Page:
Well, recently Jack took a terrible fall at work when scaffolding fell from underneath him at work, 20 feet to the ground.  He was transported to Hartford hospital by LifestarHe was transported to Hartford hospital by LifestarHe was transported to Hartford hospital by LifestarHe was transferred to Hartford Hospital by LifeStar.  In the fall he sustained serious injuries to his ribs, collar bone, neck and back.  He went through surgery on his back and they fused bones in his neck, and put two plates and over 100 pins in his back.  They had Jack up and walking (not very much) but he was happy he was able to just wash his hands.


Unfortunately, Jack does not have health insurance and won’t be able to return to work for some time. .  A gofundme (official site for raising funds) has been set up for Jack’s medical bills at https://www.gofundme.com/29kxwxq4.  Any help would be greatly appreciated by Jack and his family.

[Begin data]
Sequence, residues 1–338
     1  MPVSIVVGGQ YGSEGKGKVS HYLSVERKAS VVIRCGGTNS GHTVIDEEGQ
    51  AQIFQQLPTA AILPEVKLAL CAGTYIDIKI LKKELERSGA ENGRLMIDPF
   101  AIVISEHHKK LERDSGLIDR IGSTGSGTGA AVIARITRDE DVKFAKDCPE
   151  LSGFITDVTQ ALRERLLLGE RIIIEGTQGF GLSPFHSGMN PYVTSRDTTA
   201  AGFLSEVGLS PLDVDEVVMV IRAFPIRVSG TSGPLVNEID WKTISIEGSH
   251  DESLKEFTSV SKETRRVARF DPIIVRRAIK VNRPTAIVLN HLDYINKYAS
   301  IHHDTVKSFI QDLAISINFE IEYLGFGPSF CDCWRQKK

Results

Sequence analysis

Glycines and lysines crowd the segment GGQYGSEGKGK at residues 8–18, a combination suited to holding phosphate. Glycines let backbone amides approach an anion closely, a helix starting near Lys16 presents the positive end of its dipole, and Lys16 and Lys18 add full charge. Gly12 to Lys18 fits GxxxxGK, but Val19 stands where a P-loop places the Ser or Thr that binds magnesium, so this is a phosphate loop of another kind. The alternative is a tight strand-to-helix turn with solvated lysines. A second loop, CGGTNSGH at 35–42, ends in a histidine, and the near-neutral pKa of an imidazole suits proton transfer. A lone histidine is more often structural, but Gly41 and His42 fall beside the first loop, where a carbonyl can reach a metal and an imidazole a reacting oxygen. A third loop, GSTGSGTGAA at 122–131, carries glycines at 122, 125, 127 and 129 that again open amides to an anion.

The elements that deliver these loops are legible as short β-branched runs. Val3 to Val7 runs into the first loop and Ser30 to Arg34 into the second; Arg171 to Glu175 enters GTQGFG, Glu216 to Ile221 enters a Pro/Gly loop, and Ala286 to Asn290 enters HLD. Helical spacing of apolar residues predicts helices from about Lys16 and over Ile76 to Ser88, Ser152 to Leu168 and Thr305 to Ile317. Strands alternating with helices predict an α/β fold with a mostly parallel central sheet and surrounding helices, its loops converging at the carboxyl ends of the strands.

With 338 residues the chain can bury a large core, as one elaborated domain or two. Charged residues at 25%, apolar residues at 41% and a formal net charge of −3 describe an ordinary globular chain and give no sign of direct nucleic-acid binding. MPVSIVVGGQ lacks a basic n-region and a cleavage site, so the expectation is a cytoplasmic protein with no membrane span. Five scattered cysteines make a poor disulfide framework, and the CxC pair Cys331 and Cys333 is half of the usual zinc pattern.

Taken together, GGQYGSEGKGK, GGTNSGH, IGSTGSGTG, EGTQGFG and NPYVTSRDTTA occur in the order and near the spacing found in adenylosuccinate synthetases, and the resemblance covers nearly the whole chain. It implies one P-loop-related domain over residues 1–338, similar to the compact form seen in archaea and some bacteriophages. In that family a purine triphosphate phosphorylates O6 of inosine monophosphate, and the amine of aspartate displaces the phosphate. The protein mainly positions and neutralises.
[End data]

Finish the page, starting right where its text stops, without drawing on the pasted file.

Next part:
New water pipeline planned for McLaughlin Fish Hatchery


On June 24, Governor Charlie Baker and Energy and Environmental Affairs Secretary Matthew Beaton joined anglers and state and local officials at the McLaughlin Trout Hatchery in Belchertown, MA for a groundbreaking ceremony to celebrate the construction of a nearly mile-long water pipeline and hydropower turbine that will supply six million gallons of water daily to the hatchery, produce renewable energy, and reduce the hatchery’s electric demand.

The McLaughlin Hatchery is located near the Swift River and is the largest of five MassWildlife trout hatcheries.  It is responsible for half of the state’s entire annual trout production, (approximately 225,000 pounds) with a “retail value” exceeding $2 million. The hatchery operation includes an egg-hatching and fry-rearing facility producing nearly 750,000 fry (very young fish) which are then distributed to the other state hatcheries to grow large enough to stock. A staff fish pathologist monitors fish health and water quality for this and the other hatcheries to ensure high quality fish production.  Fish raised at the McLaughlin Hatchery are stocked in nearly 500 rivers, streams, lakes, and ponds throughout Massachusetts.